If we missed
reviewing this book, we wouldn't be doing our job. Republic of Texas Press has
added another exceptional book to its growing library.
The Democracy of Formica
author and photographer have visited 41 establishments from diner to drugstore
to tavern and have interviewed the proprietors, managers, and staff
of these establishments or whatever combination was available. It's hardly an
"interview" type of book, however, and the book's essence is in the observations
of the author and photographer. While the food and drink may vary, what they all
have in common is the counter. The book is a democratic demographic and a few
large cities are included as well as one-café towns.
are no recipes here, for this is not about food. It's about social interaction,
conversation and civilization. It's more fun to read than a travel guide is and
while it could be listed as 20th Century Texas Anthropology, it's anything but
dry. The photographs are sweet icing on a generous piece of cake.
sad that three establishments featured no longer exist, but they were wisely included
to remind us that they are an endangered part of Texas. The beauty of the book
allows us to visit them still.
Using the Counter as a criterion eliminates featuring more well-known places.
it; you're not going to find out a thing worth knowing about Barbecue Depot. Was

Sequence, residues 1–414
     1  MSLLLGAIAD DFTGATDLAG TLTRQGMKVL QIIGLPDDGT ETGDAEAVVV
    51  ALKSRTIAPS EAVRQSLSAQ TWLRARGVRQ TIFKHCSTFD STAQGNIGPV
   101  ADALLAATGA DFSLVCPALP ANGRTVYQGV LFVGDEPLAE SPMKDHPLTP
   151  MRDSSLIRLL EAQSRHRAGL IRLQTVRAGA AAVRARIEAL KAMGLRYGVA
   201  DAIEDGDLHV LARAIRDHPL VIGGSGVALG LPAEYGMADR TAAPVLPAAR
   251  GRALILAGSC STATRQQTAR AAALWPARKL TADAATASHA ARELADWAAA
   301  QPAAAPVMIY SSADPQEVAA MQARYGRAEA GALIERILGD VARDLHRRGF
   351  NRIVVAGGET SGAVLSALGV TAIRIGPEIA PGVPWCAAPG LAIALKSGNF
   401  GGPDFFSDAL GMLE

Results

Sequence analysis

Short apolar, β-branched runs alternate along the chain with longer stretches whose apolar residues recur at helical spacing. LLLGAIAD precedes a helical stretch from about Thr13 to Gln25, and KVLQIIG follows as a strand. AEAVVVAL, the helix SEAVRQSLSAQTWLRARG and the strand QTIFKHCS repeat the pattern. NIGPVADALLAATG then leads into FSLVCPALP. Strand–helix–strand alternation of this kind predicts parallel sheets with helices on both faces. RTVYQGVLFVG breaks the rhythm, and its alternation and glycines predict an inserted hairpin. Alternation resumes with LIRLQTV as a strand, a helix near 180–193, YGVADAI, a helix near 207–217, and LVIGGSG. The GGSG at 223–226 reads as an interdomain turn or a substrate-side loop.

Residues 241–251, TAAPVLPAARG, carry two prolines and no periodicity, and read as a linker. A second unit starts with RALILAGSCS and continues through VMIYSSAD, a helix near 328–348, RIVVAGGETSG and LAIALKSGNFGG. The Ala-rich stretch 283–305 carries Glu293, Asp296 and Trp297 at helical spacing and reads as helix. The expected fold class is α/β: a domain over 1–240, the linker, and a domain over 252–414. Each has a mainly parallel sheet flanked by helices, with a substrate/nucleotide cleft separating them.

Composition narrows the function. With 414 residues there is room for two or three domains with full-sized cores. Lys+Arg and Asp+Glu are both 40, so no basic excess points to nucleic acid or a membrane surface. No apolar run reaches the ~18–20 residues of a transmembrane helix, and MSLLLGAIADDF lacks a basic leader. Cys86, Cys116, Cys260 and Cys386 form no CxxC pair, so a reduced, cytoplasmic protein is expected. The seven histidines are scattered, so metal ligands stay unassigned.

it started in desperation during the depression? Is the bartender the grandson
of the founder? Can you still see part of the chalk outline from that Saturday
night in 1978?
Before the book came out we read an excerpt in a magazine. Within the week we
were at the featured place (The Doll House in Cuero).
Not to verify the given facts, but to enjoy the place for what it was.
places range from Hillsboro
and from Smithville
to Bandera. Tex-Mex to Czech. They even invaded Cameron's self-imposed isolation.
Toward the end
of the book's short Forward, they suggest in a pleasant way what we've been trying
to drive into your thick heads: get off the main road. The car on your rear bumper
won't mind a bit.
The difference between this book and other restaurant review books is the difference
between having lunch with your local News anchor-person vs. lunch with Slim Pickens
or Ben Johnson.